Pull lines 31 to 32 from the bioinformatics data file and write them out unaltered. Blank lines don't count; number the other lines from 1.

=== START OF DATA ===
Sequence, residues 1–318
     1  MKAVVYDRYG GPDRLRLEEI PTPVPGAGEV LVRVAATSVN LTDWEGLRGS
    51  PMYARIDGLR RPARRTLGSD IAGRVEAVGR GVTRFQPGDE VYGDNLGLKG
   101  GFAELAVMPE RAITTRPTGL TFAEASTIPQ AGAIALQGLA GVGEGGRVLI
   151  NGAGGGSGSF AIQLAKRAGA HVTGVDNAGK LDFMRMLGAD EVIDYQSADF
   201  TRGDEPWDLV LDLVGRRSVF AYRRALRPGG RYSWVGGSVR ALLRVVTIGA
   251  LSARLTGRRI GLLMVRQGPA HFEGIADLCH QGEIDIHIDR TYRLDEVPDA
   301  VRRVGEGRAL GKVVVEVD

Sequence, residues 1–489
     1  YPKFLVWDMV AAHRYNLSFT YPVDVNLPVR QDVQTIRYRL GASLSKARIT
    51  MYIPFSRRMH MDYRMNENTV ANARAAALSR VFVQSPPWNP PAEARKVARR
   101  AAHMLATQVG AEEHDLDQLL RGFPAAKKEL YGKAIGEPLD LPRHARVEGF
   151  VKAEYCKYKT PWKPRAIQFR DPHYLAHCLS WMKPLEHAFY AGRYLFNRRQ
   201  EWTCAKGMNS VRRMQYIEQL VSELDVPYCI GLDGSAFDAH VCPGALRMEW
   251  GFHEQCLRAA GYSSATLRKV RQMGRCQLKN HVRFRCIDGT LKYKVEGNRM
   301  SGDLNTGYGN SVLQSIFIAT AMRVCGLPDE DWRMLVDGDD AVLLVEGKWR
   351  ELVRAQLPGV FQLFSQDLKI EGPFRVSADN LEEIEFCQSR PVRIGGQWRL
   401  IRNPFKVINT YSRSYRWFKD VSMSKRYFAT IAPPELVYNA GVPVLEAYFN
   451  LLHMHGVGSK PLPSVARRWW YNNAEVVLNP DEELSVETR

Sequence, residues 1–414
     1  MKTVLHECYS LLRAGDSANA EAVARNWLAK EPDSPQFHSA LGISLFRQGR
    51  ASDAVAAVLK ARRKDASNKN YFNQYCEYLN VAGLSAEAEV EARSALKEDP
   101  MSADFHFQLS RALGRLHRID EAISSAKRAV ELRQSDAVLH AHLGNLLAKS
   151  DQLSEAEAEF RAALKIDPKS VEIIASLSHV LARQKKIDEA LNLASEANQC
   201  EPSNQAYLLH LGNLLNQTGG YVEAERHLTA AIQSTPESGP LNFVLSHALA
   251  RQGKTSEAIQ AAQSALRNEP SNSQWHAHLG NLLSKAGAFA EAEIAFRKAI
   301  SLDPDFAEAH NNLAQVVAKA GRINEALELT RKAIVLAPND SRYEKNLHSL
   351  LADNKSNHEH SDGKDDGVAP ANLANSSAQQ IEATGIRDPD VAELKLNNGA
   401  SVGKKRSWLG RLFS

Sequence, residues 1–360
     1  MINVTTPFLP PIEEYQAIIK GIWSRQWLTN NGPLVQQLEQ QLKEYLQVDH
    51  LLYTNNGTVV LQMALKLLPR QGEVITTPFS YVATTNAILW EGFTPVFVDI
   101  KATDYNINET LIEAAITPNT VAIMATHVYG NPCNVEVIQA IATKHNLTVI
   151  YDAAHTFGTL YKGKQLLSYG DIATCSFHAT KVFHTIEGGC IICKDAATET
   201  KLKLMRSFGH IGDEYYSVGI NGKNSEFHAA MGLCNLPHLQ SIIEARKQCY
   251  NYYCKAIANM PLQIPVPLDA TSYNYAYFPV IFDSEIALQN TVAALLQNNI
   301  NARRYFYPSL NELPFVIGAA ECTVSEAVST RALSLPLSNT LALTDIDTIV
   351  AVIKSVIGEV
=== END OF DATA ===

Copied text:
     1  MINVTTPFLP PIEEYQAIIK GIWSRQWLTN NGPLVQQLEQ QLKEYLQVDH
    51  LLYTNNGTVV LQMALKLLPR QGEVITTPFS YVATTNAILW EGFTPVFVDI